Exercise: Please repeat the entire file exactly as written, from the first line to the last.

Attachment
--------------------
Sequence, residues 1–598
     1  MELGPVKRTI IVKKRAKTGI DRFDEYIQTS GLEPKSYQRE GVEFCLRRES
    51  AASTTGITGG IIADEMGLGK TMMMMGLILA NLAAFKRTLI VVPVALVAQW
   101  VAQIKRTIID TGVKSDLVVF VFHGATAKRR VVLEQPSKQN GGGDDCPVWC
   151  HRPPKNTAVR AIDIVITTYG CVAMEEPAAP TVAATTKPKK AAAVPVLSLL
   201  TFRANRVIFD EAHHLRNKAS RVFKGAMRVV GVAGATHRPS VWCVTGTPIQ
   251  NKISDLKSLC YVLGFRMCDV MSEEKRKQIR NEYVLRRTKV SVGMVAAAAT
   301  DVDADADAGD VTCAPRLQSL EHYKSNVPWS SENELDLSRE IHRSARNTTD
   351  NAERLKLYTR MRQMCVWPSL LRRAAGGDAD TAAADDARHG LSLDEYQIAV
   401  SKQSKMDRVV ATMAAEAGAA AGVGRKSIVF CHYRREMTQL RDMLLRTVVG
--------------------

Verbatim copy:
Sequence, residues 1–598
     1  MELGPVKRTI IVKKRAKTGI DRFDEYIQTS GLEPKSYQRE GVEFCLRRES
    51  AASTTGITGG IIADEMGLGK TMMMMGLILA NLAAFKRTLI VVPVALVAQW
   101  VAQIKRTIID TGVKSDLVVF VFHGATAKRR VVLEQPSKQN GGGDDCPVWC
   151  HRPPKNTAVR AIDIVITTYG CVAMEEPAAP TVAATTKPKK AAAVPVLSLL
   201  TFRANRVIFD EAHHLRNKAS RVFKGAMRVV GVAGATHRPS VWCVTGTPIQ
   251  NKISDLKSLC YVLGFRMCDV MSEEKRKQIR NEYVLRRTKV SVGMVAAAAT
   301  DVDADADAGD VTCAPRLQSL EHYKSNVPWS SENELDLSRE IHRSARNTTD
   351  NAERLKLYTR MRQMCVWPSL LRRAAGGDAD TAAADDARHG LSLDEYQIAV
   401  SKQSKMDRVV ATMAAEAGAA AGVGRKSIVF CHYRREMTQL RDMLLRTVVG